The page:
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It is time to stop leaving the development of new drugs entirely to the marketplace, say two London academics. Universities should not only retain control over their intellectual property but use it for long term social goals rather than short term revenue, they say.
The physician Sunil Shaunak, of Imperial College London, and the chemist Steve Brocchini, of the School of Pharmacy, London, were speaking last week at a meeting of the House of Commons all-party pharmacy group.
Most drugs begin their life at high prices and under patent. In due course they come off patent, and their price falls. “It's time for a paradigm shift,” said Professor Shaunak. “We need to think about medicines that are affordable from day one.”
Although the two academics' principal concern is for developing countries, they point out that even in rich countries some drugs are becoming unaffordable. At present, they say, drugs devised in the public sector are taken forward under a costly private industry model. “The system we operate in universities is really developed by industry for industry,” said Professor Shaunak.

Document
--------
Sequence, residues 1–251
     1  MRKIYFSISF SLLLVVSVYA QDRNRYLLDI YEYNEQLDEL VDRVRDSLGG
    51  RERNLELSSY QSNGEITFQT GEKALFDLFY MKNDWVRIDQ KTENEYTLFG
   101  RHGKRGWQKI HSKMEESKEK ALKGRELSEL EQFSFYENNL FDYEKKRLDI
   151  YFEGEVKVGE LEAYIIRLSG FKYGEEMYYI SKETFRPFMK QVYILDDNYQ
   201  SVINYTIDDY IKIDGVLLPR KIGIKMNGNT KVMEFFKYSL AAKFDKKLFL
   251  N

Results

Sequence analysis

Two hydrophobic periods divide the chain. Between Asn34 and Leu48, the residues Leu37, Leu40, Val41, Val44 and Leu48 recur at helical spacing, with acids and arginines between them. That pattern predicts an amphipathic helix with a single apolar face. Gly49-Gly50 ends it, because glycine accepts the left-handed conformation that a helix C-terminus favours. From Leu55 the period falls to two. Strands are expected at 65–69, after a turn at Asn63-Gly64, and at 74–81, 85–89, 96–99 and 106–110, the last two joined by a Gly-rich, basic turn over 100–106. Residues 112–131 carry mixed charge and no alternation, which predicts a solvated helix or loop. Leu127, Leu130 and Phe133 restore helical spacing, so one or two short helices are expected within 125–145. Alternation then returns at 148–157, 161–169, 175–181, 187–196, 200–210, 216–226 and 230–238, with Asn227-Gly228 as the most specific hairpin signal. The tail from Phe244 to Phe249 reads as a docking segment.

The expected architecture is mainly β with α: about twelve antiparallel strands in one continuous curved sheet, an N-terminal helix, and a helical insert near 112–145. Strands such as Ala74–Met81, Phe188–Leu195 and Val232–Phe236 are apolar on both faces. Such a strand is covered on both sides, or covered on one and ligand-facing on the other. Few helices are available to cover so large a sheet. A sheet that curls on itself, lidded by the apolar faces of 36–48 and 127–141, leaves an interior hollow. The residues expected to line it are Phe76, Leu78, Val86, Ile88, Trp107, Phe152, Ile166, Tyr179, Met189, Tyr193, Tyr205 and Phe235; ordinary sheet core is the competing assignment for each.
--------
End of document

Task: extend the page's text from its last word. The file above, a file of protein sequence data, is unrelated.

What convinced them of the feasibility of an alternative approach was their successful attempt to devise a cheaper variant of the interferon protein used to treat hepatitis C. This must linger in the body long enough to be useful—a goal that is achieved by attaching a sugar group to the outside of the molecule.
Professor Shaunak and Professor Brocchini managed to break a chemical bond within the interferon molecule, inside which they were then able to attach a sugar. Besides being equally effective, this new molecule should also be more stable in hot climates.
Instead of selling their patent they founded a company and went into partnership with an Indian drug manufacturer, Shantha Biotechnics in Hyderabad. Their aim is to develop the new agent at a fraction of the price of the existing treatment.
Also speaking to the parliamentary group was Philip Wright, director of science and technology at the Association of the British Pharmaceutical Industry (ABPI). Its members have nothing to gain from a scheme like that of Professor Shaunak and Professor Brocchini. But neither does the ABPI view the pair's enterprise as presenting an imminent threat. So Dr Wright made little direct comment on it in the meeting. Instead he took a more oblique line, preferring to nail what he called “a few myths,” such as the hope that cheap drugs will by themselves improve health worldwide.
He went on to insist that drug companies carry out research that is relevant to the needs of developing countries. He reminded his audience that a number of ABPI's members are involved in public-private ventures designed to make their expertise available in tackling diseases such as malaria and tuberculosis.